Jensen wasn’t a kid used to getting or giving second chances. He lost his parents when he was young and spent most of his childhood bouncing between extended family members, family friends, and foster homes. He endured physical and emotional abuse from people he was told to trust, so by the time he was in his early teens, he didn’t trust anyone. By then, he’d become a ward of the state and his Social Worker, Lacey, wanted nothing more than to find him a safe and stable home. But Jensen wasn’t interested. Every time he was placed in a new home, he ran away as soon as he could, never giving a family a chance; never risking being hurt by adults again.
By 16, Jensen was under the influence of drugs and involved in criminal activities. In addition to Lacey, he now had an assigned probation officer, Robyn. Lacey and Robyn wanted so much more for Jensen, especially as he got closer to adulthood and emancipation. They knew Jensen was capable of having a successful future, and that his poor decisions revealed unhealed trauma, not a malicious character. Underneath his defensive exterior, Jensen was just a kid who longed to belong. After another conflict with law enforcement, Lacey and Robyn sat him down and asked him one more time if he’d give a foster home a chance; asking him if he would just try spending one week in care before running away, before giving up, to see if some stability and safety could help him change the course of his life. Jensen, exhausted from running and fighting, reluctantly agreed.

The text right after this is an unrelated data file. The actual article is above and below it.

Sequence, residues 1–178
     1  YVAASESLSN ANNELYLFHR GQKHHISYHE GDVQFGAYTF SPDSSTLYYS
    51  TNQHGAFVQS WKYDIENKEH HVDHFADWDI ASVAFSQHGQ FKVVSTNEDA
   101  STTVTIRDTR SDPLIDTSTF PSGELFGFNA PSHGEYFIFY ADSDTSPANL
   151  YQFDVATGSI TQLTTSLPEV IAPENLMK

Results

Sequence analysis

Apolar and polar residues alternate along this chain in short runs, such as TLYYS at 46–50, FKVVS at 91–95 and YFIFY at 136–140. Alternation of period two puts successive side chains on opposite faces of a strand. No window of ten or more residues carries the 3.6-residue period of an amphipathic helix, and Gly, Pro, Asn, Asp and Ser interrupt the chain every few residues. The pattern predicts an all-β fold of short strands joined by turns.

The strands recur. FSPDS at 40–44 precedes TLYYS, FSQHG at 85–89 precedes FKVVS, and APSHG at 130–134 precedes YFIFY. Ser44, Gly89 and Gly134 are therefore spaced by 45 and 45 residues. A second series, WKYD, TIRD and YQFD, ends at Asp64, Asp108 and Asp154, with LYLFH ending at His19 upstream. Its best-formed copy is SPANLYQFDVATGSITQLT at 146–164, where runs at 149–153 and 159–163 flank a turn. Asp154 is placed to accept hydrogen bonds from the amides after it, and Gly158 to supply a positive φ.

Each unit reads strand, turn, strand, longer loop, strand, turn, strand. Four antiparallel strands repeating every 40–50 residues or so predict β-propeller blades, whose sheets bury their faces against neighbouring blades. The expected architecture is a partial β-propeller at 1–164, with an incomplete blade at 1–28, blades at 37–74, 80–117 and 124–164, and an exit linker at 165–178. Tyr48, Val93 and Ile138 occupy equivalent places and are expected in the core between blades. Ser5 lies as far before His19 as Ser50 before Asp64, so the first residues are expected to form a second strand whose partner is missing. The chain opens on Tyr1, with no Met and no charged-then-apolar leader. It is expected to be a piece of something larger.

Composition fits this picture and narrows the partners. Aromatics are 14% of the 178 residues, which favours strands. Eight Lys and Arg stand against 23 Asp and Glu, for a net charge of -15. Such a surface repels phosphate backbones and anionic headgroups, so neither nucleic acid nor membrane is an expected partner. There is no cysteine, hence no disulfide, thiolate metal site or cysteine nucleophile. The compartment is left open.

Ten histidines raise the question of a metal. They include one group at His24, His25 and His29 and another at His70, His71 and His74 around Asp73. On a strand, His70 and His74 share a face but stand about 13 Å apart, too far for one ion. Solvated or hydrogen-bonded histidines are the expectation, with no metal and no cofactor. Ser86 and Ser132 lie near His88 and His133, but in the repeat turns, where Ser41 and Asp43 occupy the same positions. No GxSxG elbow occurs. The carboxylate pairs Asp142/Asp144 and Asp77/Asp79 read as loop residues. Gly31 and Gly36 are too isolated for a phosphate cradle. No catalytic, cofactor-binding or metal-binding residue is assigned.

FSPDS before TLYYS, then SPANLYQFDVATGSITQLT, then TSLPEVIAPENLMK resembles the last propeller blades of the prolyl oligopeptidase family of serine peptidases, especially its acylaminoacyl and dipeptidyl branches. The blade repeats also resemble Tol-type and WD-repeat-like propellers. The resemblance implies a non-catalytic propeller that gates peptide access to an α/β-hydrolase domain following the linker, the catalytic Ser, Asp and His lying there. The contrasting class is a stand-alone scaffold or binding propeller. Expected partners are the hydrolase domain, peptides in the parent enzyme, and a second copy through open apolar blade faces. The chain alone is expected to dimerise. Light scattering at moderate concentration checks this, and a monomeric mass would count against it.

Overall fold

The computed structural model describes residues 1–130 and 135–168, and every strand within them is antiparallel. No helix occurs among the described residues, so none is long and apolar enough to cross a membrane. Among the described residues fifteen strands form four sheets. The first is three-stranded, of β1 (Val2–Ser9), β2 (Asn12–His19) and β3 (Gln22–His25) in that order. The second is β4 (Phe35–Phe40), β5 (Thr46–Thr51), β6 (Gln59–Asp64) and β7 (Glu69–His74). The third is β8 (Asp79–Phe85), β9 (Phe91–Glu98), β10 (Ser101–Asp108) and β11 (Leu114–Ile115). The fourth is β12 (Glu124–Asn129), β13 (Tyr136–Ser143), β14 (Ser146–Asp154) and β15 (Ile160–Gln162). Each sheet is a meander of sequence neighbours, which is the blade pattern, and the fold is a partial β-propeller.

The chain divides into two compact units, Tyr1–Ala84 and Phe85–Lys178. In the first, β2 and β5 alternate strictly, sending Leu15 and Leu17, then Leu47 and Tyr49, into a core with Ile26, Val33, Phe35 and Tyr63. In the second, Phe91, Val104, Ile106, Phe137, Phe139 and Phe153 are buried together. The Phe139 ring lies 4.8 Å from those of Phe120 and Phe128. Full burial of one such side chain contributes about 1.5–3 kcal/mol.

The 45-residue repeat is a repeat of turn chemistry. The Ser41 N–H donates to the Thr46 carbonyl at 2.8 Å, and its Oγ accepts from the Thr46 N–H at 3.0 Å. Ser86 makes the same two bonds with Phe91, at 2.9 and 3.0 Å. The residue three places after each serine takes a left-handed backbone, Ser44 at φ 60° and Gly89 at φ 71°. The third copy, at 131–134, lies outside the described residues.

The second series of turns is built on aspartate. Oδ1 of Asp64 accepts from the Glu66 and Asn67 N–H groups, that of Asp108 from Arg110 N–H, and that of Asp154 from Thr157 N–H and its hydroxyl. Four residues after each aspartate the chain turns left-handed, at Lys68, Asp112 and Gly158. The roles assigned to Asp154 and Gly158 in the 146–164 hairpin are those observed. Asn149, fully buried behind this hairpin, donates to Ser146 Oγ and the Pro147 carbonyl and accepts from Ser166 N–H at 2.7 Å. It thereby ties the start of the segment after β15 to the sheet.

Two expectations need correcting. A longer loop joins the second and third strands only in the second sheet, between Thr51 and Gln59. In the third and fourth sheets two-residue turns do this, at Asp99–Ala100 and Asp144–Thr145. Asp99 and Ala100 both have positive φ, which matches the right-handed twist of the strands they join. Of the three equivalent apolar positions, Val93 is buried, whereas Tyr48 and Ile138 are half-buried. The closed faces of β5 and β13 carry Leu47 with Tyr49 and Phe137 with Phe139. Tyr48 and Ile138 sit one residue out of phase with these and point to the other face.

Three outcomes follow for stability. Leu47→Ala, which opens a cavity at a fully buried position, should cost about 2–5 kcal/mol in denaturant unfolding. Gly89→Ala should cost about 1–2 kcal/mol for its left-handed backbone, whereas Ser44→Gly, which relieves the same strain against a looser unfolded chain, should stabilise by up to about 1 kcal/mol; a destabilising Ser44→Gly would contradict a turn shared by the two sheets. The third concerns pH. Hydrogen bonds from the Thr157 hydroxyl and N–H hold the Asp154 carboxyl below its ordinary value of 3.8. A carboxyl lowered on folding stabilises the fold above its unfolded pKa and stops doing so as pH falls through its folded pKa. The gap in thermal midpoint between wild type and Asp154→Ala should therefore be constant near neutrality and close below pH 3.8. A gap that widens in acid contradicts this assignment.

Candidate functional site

Jensen was placed in an Emergency Shelter home with a couple who’d been providing care for many years and were very experienced caring for youth like Jensen. They aimed to ensure that even if Jensen only stayed with them for a night or two, he would be well fed, given lots of time to rest, and feel some semblance of comfort while there. But to everyone’s surprise, most especially Jensen’s, a week passed and then another and he still hadn’t felt the need to run. Whether it was his foster mom’s cooking, his foster dad’s bad jokes, or the family’s sweet dog, Jensen was settling into his new home, feeling safe and very well cared for. His defenses lowered and his engagement increased, and he eventually started talking to his foster parents about his future and what he wanted for his life.
Talking about the future was difficult and scary for Jensen, but he found a lot of encouragement between Lacey, Robyn , and his foster parents. Having lived without hope for so long, Jensen wasn’t used to “dreaming” or imagining what possibilities might lay before him. But Lacey and Robyn continued to spur him on, connecting him with the Independent Living Program and other work readiness agencies so that he could explore different careers and get connected to further resources. He was also enrolled in an independent study program which meant he could finish up his high school credits at his own pace with help from his foster dad. And together, the family set about helping Jensen learn basic life skills he’d need, like putting together simple meals, how to do his own laundry, and how to keep his room clean.
Jensen’s time in Emergency Shelter Care went far beyond the normal parameters of the program, but for the best reason. When Lacey saw his connection with his foster parents, and how it reset his life towards one of healing and stability, she knew that Jensen had found his first real home. Special accommodations were made so that Jensen could stay with them until he turned 18. Until that day, Jensen would get to grow and learn in the comfort of a stable home--one with all the rules, laughter, routines, warmth, celebrations, conflicts, gatherings, chores, dinners, and caregiving that he’d missed out on, finally.